Having reduced my palette to black and white in 2012, I am trying, since 2015, to include ambient light in my work, by painting on clear acrylic supports (commonly known as plexiglass), using this material’s transparency, reflective properties, reversibility and plasticity. By adding light to the traditional aspects of abstract painting, I seek to create a visual complexity that speaks of our time in which the screen is everywhere. In this new project, I tried to reintroduce colour in my work, by ways of the support. I was seduced by primary coloured fluorescent plexiglass that throws light on its edges.
The challenge was to create a fascination for colour and light that would be mainly pictorial with this material heavily associated with design. Thus, I used the plexiglass as if it was the paint: paying close attention to the specific effects occurring in the material. To make the most out of it, I have given up patterns to favour gradients that occur when a thick coat of acrylic paint gets thinner and let the colour of the panel appear. These gradients alter the colours, make the panels opaque and reduce the quantity of light that gets through them.
I created 3D paintings that hang to the wall but juts out into the room to catch surrounding light. Contrasting coloured panels overlap, creating new colours, light effects, and veils. The wall itself, painted black under some paintings, changes their hue and enhance this layering. Reversible, the paintings look contradictory when seen from different sides. However, one can easily mentally deconstruct their components, entirely exposed. This power of a painting to create an illusion, even when its material reality lay bare, is an important part of this project. Between transparency and opacity, illusion and objecthood, these paintings embody contradictions.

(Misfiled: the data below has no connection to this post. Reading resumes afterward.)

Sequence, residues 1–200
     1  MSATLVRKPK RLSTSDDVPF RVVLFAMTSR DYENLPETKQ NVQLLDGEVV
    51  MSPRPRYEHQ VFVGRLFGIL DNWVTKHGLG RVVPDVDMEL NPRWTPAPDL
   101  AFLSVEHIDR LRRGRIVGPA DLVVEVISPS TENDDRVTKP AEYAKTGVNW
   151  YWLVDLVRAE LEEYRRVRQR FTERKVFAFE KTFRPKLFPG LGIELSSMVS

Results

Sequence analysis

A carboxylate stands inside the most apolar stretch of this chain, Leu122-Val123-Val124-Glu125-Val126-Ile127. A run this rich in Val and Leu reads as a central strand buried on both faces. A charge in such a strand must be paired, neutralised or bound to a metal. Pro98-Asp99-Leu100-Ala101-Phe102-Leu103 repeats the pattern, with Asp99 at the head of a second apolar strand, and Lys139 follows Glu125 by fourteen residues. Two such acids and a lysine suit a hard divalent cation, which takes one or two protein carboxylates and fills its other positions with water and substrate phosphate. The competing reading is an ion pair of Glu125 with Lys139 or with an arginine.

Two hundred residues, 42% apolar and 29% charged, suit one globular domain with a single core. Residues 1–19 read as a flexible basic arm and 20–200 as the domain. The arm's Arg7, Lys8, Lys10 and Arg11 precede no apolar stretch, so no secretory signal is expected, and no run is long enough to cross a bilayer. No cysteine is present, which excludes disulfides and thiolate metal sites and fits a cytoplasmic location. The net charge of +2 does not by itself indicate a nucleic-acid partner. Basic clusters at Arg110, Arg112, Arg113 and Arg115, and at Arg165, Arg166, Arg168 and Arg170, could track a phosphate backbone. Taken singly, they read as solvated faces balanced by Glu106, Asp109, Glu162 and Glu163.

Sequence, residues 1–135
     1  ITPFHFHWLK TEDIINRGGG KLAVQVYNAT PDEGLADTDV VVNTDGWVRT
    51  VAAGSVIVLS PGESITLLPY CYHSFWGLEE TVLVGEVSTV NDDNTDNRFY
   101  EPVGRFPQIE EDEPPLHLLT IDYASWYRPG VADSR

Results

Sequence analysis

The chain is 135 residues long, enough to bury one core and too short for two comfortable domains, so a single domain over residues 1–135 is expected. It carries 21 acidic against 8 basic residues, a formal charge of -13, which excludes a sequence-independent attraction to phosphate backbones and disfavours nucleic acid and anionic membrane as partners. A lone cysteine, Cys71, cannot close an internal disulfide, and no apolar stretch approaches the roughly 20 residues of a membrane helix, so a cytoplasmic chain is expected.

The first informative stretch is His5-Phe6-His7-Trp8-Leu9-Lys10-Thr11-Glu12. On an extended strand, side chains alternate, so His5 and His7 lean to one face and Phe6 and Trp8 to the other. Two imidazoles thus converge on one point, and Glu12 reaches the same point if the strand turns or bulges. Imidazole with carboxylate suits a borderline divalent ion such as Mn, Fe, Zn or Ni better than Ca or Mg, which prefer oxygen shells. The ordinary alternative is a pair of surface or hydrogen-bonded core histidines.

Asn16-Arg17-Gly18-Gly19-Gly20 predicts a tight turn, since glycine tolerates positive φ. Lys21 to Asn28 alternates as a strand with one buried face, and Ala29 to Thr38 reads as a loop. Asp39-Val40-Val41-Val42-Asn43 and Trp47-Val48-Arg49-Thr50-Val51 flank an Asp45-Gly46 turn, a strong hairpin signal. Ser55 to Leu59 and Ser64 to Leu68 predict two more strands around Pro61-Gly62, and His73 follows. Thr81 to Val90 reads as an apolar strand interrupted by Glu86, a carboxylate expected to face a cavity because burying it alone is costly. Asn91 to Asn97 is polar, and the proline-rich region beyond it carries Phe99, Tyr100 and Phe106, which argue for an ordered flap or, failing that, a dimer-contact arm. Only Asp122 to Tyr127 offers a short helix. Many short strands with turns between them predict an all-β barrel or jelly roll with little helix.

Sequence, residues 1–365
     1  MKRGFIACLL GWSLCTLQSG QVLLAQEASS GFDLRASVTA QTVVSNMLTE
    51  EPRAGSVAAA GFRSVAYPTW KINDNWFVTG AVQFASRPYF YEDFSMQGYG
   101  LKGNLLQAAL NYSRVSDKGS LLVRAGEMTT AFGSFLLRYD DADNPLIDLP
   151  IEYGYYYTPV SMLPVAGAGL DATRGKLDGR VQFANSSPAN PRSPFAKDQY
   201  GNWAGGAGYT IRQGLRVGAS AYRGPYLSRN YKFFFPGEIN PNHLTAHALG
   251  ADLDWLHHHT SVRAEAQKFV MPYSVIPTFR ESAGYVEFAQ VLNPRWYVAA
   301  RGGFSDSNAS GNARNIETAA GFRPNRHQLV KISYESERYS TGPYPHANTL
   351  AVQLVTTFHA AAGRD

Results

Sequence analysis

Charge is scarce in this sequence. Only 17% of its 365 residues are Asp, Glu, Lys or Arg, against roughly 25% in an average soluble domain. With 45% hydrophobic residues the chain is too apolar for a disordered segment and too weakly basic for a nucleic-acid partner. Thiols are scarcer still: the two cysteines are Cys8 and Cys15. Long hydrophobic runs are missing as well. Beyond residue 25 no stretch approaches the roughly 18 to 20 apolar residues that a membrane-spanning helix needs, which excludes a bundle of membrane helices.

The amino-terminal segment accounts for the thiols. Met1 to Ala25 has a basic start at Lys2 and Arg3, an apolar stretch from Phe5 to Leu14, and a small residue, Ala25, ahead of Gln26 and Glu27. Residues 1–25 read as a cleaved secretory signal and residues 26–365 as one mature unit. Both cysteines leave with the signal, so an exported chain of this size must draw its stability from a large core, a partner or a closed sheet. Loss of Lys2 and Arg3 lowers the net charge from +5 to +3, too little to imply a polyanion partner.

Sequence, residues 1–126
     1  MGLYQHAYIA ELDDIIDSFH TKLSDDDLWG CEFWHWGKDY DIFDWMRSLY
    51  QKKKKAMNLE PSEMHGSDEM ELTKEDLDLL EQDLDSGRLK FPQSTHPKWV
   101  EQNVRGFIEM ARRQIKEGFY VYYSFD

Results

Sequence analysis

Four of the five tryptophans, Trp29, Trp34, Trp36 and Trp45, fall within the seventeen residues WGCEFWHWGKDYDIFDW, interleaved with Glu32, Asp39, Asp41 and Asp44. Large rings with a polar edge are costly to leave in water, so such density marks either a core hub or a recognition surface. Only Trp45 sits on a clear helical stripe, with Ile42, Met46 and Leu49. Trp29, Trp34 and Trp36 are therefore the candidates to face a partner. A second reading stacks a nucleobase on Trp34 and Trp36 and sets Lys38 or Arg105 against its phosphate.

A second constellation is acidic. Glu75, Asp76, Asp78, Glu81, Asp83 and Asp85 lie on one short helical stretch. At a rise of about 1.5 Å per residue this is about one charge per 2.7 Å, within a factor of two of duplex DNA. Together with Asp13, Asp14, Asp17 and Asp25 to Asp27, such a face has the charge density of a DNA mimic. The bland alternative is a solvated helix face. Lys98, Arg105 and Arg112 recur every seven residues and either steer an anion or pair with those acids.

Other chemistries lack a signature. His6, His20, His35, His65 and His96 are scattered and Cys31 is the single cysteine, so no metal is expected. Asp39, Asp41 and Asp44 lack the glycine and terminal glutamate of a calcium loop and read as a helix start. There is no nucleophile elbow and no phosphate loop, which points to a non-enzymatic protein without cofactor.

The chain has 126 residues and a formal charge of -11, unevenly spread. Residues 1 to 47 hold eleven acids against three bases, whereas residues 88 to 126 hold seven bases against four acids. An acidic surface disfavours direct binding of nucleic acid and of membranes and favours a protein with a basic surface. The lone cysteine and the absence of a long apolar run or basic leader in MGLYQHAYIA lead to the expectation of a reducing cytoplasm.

My warmest thanks to École des arts visuels et médiatiques and Faculté des arts of Université du Québec à Montréal, the Conseil des arts et des lettres du Québec and the Joseph Plaskett Foundation, who supported the development of this project. I would also like to acknowledge the contribution of my skilful, intelligent and reliable studio assistant, Éloïse Carrier, as well as Danny Glaude, David Allard Martin, Jean Talbot and Mario Baillargeon, who helped resolve many technical challenges. Thanks to NARS Foundation for the opportunity to show this work.